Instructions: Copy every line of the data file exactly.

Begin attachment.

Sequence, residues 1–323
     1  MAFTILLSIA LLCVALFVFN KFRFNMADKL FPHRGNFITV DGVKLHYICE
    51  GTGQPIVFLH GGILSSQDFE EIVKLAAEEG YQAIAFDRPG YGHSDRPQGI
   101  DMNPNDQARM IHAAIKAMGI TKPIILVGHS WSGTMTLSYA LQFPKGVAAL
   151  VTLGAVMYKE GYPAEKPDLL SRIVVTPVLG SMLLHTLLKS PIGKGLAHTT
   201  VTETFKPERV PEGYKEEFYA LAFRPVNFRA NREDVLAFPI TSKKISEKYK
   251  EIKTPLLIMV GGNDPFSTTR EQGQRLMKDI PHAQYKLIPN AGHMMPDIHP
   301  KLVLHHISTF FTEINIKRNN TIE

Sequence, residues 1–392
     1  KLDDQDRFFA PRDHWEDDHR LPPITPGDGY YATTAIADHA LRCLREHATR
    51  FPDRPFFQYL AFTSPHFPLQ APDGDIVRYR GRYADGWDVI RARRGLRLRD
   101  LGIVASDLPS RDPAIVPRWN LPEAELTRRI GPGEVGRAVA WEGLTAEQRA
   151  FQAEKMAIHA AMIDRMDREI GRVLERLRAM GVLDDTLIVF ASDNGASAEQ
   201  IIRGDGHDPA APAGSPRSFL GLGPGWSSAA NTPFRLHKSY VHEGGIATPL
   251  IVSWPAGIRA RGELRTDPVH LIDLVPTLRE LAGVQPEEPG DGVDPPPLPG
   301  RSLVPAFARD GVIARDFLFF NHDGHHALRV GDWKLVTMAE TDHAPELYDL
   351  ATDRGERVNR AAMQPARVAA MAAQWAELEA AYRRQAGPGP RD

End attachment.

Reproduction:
Sequence, residues 1–323
     1  MAFTILLSIA LLCVALFVFN KFRFNMADKL FPHRGNFITV DGVKLHYICE
    51  GTGQPIVFLH GGILSSQDFE EIVKLAAEEG YQAIAFDRPG YGHSDRPQGI
   101  DMNPNDQARM IHAAIKAMGI TKPIILVGHS WSGTMTLSYA LQFPKGVAAL
   151  VTLGAVMYKE GYPAEKPDLL SRIVVTPVLG SMLLHTLLKS PIGKGLAHTT
   201  VTETFKPERV PEGYKEEFYA LAFRPVNFRA NREDVLAFPI TSKKISEKYK
   251  EIKTPLLIMV GGNDPFSTTR EQGQRLMKDI PHAQYKLIPN AGHMMPDIHP
   301  KLVLHHISTF FTEINIKRNN TIE

Sequence, residues 1–392
     1  KLDDQDRFFA PRDHWEDDHR LPPITPGDGY YATTAIADHA LRCLREHATR
    51  FPDRPFFQYL AFTSPHFPLQ APDGDIVRYR GRYADGWDVI RARRGLRLRD
   101  LGIVASDLPS RDPAIVPRWN LPEAELTRRI GPGEVGRAVA WEGLTAEQRA
   151  FQAEKMAIHA AMIDRMDREI GRVLERLRAM GVLDDTLIVF ASDNGASAEQ
   201  IIRGDGHDPA APAGSPRSFL GLGPGWSSAA NTPFRLHKSY VHEGGIATPL
   251  IVSWPAGIRA RGELRTDPVH LIDLVPTLRE LAGVQPEEPG DGVDPPPLPG
   301  RSLVPAFARD GVIARDFLFF NHDGHHALRV GDWKLVTMAE TDHAPELYDL
   351  ATDRGERVNR AAMQPARVAA MAAQWAELEA AYRRQAGPGP RD